I got a quote for a kitchen work not a fitted kitchen just work on the kitchen.The architect supposedly working for me asks for money to pay the builder up front I say wait I want a proper bill in writing prior to comencement of the work so that I know where I stand.The architect agrees saying we would never do work any other way and sends me a bill for £1500 this is 30 years ago I tell him to go ahead and instruct the builders to start work the did so and when finished he telephoned me in an irate state telling me he made a mistake and I would need to pay £5000 instead of £1500 I tell him thinking I was in the clear to go take a run and jump.Then I get taken to court and despite the builders not showing me a bill I had authorized for £5000 I lost and had to pay an extra £3.500 as the architect told the court he had instructed the builderts to go ahead for £5000 and as I admitted he was acting as my agent I had to pay the builder. I told my (next door neigbour) lawyer to claim the architect as this was what I was advised to do she let it become time barred.So not wanting to sue my neighbour I let it go I must admit I was younger then and would have sued her had it been now.(Sad but true )naive or what. Alistair

sansbury
06-18-2013, 04:06 PM
I'm back to provide an update and some closure.
<SNIP>
When the plaintiff goes around suing everybody, they will have to assign percentage liabilities, so it's not like they will sue you for no related reason at all.
<SNIP>
In terms of getting a "shakedown" settlement offer, the lawyer person wasn't super clear on that. She said that you don't necessarily need a lawyer to flash your set of documents showing that you thought it was just for art work instead of a street bike. You can also just say "no" to the shakedown offer. (She didn't say what would be the likely outcome of that except that usually one needs a good reason to attempt a shakedown anyway.)
<SNIP>
It is possible, and very important NOT TO, accidentally alter or unwind your earlier contract. For example, I make parts for the art show, then the designer wants to put them on the actual street bike. If I accept, I automatically undo my earlier disclaimer that it was art only and can't use my drawing with the "art only" disclaimer as proof.


Thanks for sharing that.

My experience with commercial litigation as both plaintiff and defendant is that the system usually ends up with something of a muddle that leaves both sides somewhat unsatisfied. Virtually everything gets settled before trial, and I've taken settlements for 2/3 of what I was entitled to with damn good cases of customers being complete jerks. Never know what a jury will come back with. There are horror stories of people getting million-dollar judgments against them for people hitting themselves in the head with a hammer because it didn't have a label saying "CAUTION: Do not hit self in head with hammer!" If you want to contemplate low-probability outcomes, you might as well spend all your time worrying about pancreatic cancer or getting struck by lightning.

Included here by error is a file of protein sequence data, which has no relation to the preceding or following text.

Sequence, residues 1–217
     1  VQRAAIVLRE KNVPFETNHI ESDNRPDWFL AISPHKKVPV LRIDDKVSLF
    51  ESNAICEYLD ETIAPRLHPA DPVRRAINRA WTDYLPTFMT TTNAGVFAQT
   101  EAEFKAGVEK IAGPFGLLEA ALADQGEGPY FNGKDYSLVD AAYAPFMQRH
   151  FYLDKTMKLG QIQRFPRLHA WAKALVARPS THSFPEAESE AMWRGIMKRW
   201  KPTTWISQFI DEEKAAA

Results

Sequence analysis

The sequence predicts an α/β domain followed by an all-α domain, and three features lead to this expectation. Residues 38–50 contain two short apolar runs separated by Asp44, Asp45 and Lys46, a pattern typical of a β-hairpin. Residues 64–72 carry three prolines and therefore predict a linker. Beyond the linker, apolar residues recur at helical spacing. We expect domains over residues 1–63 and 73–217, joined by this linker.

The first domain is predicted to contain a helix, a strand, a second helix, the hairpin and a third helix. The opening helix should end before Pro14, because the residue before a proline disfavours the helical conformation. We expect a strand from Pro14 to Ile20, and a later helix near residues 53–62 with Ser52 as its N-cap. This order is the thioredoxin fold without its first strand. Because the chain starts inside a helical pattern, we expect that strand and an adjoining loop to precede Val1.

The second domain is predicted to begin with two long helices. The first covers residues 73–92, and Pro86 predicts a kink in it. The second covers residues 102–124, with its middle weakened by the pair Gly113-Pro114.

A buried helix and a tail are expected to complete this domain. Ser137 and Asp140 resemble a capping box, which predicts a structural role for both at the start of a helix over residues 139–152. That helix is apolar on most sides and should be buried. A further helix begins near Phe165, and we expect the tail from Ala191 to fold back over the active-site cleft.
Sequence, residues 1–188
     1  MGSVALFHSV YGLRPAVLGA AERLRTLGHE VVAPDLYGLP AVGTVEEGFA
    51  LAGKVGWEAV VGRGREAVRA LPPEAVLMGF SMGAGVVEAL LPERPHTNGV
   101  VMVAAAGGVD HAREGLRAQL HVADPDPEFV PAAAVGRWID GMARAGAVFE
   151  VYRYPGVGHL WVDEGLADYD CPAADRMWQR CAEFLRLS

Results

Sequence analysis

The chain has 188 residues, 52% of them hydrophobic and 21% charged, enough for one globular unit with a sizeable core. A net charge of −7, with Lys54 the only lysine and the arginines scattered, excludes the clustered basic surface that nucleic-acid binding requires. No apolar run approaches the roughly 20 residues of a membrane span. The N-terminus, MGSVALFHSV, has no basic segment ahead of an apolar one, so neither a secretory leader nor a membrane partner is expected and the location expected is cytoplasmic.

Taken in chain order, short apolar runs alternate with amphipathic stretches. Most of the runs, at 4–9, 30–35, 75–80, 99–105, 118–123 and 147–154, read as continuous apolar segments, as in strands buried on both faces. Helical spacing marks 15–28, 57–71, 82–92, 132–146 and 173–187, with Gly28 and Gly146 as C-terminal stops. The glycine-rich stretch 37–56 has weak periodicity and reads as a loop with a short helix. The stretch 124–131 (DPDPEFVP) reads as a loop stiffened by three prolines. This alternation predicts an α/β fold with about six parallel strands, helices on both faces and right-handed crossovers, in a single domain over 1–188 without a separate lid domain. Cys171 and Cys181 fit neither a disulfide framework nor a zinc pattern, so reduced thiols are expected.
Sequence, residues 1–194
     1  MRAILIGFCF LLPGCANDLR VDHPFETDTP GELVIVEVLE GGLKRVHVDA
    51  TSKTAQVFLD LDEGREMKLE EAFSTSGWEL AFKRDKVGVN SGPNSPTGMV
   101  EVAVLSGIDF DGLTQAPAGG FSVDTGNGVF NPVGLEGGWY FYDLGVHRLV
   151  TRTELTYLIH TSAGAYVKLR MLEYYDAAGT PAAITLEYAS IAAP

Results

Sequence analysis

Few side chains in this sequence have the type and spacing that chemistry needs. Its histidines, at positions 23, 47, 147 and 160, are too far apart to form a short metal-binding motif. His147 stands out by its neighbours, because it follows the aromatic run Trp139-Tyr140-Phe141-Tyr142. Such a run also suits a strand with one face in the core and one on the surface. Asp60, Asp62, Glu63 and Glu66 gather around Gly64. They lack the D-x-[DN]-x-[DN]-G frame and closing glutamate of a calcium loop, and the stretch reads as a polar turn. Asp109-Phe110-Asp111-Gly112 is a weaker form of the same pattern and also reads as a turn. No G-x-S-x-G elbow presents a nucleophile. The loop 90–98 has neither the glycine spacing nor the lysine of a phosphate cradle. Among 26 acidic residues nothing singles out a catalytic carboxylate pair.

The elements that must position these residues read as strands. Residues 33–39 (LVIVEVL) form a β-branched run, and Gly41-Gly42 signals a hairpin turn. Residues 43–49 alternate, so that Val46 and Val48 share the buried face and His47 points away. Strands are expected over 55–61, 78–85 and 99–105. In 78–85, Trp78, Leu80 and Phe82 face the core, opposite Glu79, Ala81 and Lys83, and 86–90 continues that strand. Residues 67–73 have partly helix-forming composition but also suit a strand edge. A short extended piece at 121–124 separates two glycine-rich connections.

None of this is to defend the current system, in particular the way that the bar associations have rigged the system to keep access to legal services as expensive as possible. That's changing though, and most lawyers are getting squeezed hard these days and law school enrollment is dropping so fast that law schools are starting to worry about going out of business.

Oh, and last thing, my experience with lawyers is that you have to think of them as dumb tools. They may know law and have a license to charge you for that, but odds are that they know little or nothing about what you do, and even in the area of law, chances are they only know one or two areas well. A guy who's good at commercial litigation may be no good at corporate structures and general commercial matters. Don't ask me how I know!

lazlo
06-18-2013, 07:44 PM
LLC gives you no protection, it just makes it harder for someone to collect from you.
It will cost you $25,000 to defend against a lawsuit using a lawyer so you get sued knowing that they will get $5,000 out of you to just go away.

Isn't that a good reason to just incorporate? Incorporating completely separates your personal assets from the corporation's assets, does it not?

sansbury
06-18-2013, 08:26 PM
Isn't that a good reason to just incorporate? Incorporating completely separates your personal assets from the corporation's assets, does it not?

My understanding is that a single-member LLC and and an S-corporation with one shareholder are going to be viewed identically if push comes to shove. For that matter, even if there are multiple members/shareholders, it is possible to "pierce the corporate veil" in certain circumstances, namely including cases where the member/shareholder can be shown to be personally negligent or guilty of overt fraud. You also need to behave like a business, so if you just have an LLC and the machines in your garage and the only thing that ever happens is you occasionally book a few thousand $ of income from the business, the courts are more likely to regard you as a sole proprietorship.